A few days ago, I entertained a brief discussion on the nature of the human person, as opposed to the nature of machines. People seem surprised (and upset) that the most common version of the "humans have souls" argument says that animals don't have souls.
Since this argument is in question here, let me try to explain it in more detail.
If you say "humans have souls, which is what makes them different from machines", then you can't believe that animals have souls. Why? Because scientists have already created machine animals, such as robot dogs and...robot cats.
But seriously, there are robot flies that look like flies and act like flies. So in a sense, scientists have a point when they say animals are just complicated machines; after all, they've duplicated the "machinery" of a fly.
If having a soul makes you different than a machine, then flies don't have souls. Because flies are basically machines. Kind of.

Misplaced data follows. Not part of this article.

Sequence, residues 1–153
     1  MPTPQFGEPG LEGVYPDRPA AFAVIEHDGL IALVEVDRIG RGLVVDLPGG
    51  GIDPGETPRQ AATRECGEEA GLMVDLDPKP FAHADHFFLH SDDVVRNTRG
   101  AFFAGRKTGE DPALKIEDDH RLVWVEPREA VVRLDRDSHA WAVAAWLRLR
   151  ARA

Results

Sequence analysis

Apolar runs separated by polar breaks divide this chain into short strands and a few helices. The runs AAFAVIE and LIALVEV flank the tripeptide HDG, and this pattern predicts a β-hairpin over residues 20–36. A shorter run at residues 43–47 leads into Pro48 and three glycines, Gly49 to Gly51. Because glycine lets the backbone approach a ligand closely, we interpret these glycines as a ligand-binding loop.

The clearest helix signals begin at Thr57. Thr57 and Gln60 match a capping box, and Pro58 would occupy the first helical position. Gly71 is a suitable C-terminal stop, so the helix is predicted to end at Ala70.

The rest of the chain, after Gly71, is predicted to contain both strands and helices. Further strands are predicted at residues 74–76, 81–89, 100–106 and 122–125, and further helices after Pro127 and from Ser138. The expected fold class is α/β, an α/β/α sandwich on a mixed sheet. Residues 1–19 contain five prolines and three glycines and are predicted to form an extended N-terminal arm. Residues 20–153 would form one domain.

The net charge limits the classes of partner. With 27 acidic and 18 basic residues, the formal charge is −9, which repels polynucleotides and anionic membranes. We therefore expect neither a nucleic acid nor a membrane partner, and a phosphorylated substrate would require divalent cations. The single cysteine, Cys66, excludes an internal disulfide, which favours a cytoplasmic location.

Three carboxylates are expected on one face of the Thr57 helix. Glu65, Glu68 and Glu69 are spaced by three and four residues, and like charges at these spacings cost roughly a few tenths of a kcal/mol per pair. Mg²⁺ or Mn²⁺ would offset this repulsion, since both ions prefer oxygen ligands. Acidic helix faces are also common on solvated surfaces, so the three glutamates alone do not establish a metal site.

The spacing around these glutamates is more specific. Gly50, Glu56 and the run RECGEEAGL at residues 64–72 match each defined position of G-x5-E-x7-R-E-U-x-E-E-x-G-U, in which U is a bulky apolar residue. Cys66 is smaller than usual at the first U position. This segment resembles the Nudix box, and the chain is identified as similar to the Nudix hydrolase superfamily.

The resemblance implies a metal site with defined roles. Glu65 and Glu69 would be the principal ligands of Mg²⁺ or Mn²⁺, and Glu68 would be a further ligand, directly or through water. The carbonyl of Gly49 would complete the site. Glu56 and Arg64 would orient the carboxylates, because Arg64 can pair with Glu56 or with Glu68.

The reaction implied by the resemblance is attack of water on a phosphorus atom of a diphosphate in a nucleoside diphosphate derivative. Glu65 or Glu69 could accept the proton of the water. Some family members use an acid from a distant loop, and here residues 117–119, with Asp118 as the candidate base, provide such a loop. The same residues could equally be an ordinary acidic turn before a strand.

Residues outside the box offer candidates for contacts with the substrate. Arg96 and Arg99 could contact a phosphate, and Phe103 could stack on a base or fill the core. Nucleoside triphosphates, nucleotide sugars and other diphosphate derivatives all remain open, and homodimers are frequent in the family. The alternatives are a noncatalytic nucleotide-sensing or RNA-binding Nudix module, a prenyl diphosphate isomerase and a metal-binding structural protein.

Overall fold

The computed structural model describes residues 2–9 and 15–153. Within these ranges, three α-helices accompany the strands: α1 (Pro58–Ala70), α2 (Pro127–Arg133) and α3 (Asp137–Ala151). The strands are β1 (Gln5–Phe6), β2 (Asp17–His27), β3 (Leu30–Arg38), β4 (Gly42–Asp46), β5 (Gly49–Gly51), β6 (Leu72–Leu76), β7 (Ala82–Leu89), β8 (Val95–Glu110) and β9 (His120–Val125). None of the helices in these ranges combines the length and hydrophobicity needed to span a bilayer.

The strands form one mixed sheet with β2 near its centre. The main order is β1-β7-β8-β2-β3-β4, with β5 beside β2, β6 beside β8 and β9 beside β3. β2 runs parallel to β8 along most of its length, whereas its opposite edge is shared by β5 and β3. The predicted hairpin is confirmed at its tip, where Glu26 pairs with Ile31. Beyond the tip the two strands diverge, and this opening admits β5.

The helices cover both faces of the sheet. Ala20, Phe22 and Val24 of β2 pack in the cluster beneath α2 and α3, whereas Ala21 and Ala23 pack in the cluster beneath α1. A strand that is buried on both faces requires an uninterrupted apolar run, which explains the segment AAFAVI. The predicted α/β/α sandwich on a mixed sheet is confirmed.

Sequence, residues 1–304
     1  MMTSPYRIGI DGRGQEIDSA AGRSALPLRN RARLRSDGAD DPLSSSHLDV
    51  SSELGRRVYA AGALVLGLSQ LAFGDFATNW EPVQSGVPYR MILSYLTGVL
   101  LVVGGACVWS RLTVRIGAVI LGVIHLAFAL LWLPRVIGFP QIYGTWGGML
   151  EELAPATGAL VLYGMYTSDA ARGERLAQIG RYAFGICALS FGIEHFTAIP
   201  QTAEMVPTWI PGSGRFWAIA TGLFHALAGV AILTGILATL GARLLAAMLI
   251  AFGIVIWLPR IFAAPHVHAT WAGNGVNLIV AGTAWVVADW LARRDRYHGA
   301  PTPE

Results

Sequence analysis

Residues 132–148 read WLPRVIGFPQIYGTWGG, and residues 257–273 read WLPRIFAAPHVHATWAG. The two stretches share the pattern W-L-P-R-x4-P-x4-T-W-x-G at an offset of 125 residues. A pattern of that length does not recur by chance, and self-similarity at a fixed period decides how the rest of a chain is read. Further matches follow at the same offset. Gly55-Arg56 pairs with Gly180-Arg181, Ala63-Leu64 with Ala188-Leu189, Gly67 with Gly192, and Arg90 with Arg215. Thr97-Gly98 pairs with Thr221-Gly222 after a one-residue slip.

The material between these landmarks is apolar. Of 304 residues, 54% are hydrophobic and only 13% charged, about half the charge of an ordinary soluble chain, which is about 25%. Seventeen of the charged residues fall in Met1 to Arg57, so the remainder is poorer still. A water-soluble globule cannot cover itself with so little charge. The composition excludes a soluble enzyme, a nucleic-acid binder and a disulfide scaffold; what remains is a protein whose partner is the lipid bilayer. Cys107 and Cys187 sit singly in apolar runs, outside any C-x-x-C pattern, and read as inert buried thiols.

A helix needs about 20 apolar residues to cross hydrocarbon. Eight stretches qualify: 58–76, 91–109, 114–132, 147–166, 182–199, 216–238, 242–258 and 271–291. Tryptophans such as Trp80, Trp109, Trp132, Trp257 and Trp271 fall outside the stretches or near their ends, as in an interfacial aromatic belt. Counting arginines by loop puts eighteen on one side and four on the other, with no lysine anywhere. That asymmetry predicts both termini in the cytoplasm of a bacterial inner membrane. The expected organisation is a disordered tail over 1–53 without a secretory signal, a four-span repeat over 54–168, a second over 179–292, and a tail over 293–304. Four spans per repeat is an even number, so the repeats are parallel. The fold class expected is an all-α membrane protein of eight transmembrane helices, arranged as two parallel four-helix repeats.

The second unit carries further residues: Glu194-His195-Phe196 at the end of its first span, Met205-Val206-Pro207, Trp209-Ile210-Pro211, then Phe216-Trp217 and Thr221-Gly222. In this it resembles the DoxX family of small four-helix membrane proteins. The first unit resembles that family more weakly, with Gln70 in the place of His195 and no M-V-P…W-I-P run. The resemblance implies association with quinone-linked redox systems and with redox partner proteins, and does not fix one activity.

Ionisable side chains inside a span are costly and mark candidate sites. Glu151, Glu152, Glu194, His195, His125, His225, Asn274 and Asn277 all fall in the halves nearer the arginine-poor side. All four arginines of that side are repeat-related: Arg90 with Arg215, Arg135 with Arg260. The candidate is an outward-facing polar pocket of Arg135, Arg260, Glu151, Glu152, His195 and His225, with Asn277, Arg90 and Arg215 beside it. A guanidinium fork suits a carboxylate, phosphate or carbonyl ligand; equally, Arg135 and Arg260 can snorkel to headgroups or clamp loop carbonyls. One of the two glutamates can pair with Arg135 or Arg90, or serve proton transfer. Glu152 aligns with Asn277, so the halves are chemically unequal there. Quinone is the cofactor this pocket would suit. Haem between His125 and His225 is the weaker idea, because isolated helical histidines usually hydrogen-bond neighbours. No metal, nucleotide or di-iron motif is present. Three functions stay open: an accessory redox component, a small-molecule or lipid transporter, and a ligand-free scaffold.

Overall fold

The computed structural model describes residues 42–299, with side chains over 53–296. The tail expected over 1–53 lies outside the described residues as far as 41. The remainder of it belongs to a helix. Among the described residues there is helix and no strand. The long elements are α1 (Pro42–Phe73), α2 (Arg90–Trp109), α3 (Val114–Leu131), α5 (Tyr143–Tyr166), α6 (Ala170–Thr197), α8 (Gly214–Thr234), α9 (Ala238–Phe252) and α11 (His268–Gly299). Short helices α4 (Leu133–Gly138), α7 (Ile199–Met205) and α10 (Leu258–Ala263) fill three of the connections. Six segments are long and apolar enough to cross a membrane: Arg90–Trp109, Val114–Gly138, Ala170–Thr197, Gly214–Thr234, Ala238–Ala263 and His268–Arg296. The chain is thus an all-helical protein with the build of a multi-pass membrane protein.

Anyway, that's the argument. You can't build a perfect robot human, because humans have souls. But scientists have built perfect robot animals. Therefore, animals don't have souls. They're just complicated machines.
I don't really support this argument--I think animals are more than just machines--but that's how it goes.
In any case, I think the "humans are different than machines because humans have souls" argument isn't going to be settled, until we get a good definition of the word "soul". Right? Right! Because if two people disagree on what a soul is, they'll probably disagree on whether or not animals have them.
So here are some common definitions of "soul":
1. Aristotle says the soul is the source of knowledge in humans. If you have a soul, you can make logical deductions. Therefore, animals don't have souls.
[Technically, he says animals have a different type of soul than humans do, but let's not get complicated.]
2. Cicero (or someone like him) says the soul is the animating principle of the body. In other words, if something has a soul, it can move by itself. These people say animals have souls.
3. Isaac Hayes informs us that he is, in fact, "a soul man". The psycho-spiritual aspects of this claim have yet to be fully explored.
What do you readers think? What is a soul? Let me know.